The Discovery Museum in central Newcastle was full with over 100 engaged local people who had travelled from Newcastle, Sunderland and Middlesbrough on a cold night to debate what – if anything – it means to be English in the 21st Century north-east, writes Matthew Rhodes.
One artist’s plan to paint every inhabitant of St Davids, Britain’s smallest city, will act as a valuable social history of an integrated Welsh community. Grahame Hurd-Wood, 55, has already spent 14 years producing pictures of people in the city, ranging from councillors and bishops to children and students, and plans to spend the next few years painting the remainder, writes Jemimah Steinfeld.
Last week British Future director Sunder Katwala wrote an article in the Guardian arguing that people should not feel uncomfortable about celebrating their Englishness, in response to David Edgar’s piece about the Festival of Englishness making him feel “queasy”. In this guest blog Eddie Bone, campaign director for the campaign for an English parliament, challenges Katwala’s article and offers his own argument on the future of Englishness.
The most surprising aspect of David Edgar’s engaged but sceptical take on the Festival of Englishness hosted by British Future and IPPR is his fear that anxious public debates about immigration may reinforce “the idea that deep down, there still ain’t no black in the union jack,” writes Sunder Katwala.
The leader of the English Defence League (EDL), Tommy Robinson, has announced that he is leaving the organisation, as is EDL co-founder Kevin Carroll. British Future director Sunder Katwala has the following response to the resignations.
The final panel at our Festival of Englishness with IPPR looked to England’s future and concluded with a positive vision for the nation, writes Steve Ballinger.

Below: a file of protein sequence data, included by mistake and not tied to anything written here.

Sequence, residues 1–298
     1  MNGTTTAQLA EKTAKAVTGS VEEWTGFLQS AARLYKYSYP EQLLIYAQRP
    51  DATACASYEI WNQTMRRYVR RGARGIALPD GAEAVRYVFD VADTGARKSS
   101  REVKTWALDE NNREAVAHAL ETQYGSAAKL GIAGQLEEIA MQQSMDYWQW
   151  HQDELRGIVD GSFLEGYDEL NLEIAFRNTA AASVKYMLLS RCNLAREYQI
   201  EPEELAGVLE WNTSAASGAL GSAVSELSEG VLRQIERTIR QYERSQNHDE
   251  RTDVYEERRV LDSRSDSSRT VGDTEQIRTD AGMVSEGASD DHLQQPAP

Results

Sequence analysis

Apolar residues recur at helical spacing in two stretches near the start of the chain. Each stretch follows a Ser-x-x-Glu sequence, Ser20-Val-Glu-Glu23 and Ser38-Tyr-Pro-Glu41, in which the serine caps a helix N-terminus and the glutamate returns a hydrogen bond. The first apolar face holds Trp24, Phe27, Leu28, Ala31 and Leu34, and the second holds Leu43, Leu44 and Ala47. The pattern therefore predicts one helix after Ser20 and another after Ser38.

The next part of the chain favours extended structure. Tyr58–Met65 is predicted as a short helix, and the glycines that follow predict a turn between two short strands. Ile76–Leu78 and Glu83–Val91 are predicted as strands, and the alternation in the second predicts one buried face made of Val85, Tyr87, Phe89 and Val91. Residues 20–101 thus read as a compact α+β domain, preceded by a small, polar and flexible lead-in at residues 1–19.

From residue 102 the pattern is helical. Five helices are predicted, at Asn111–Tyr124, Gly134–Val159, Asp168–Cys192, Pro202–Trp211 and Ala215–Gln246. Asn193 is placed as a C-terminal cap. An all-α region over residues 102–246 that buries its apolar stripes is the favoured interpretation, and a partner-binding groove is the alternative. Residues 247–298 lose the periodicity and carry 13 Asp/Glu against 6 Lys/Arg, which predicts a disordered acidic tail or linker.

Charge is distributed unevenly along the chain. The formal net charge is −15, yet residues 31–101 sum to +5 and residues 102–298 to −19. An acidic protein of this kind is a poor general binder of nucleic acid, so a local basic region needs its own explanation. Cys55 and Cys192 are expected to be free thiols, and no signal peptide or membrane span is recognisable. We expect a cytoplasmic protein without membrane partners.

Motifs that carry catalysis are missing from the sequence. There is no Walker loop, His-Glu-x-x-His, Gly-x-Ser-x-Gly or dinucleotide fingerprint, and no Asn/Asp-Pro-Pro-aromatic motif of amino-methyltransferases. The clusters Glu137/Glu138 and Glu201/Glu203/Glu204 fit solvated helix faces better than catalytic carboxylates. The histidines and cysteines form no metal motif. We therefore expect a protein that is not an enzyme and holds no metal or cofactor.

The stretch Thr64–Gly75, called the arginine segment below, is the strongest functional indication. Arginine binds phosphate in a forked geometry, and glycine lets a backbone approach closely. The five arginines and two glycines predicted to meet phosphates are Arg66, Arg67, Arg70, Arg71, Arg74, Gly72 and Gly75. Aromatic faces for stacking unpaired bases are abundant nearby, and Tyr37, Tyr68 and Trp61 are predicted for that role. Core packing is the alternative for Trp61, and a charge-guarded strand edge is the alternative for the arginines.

This Wednesday 20th November I am going to the People’s History Museum in Manchester. The reason for the visit is to explore Englishness in the north at an event hosted by British Future and IPPR North. As a student of anthropology and a born-and-bred Midlander living in the north, I am fascinated to hear thoughts on whether a national identity pervades across England’s regions, writes Sarah Dickson.
Are you a Grumpy Nostalgic or part of team Jam and Jerusalem? Are you a Northern Soul or a Post-National Cosmopolitan? In an article in the Observer, Sunder Katwala outlines the main tribes that reflect our attitudes towards Modern Britain. They divide along various lines according to criteria such as class, place and age, but significantly unite at other points. It is this unity which says a lot about the country today and which should be built upon, writes Katwala.
St Patrick’s Day has firmly established itself on the annual calendar in England, with the help of a certain brand of stout, but England’s own patron saint’s day, St George’s Day, is a much more sedate affair. Why isn’t it bigger? What is stopping those in England from celebrating Englishness?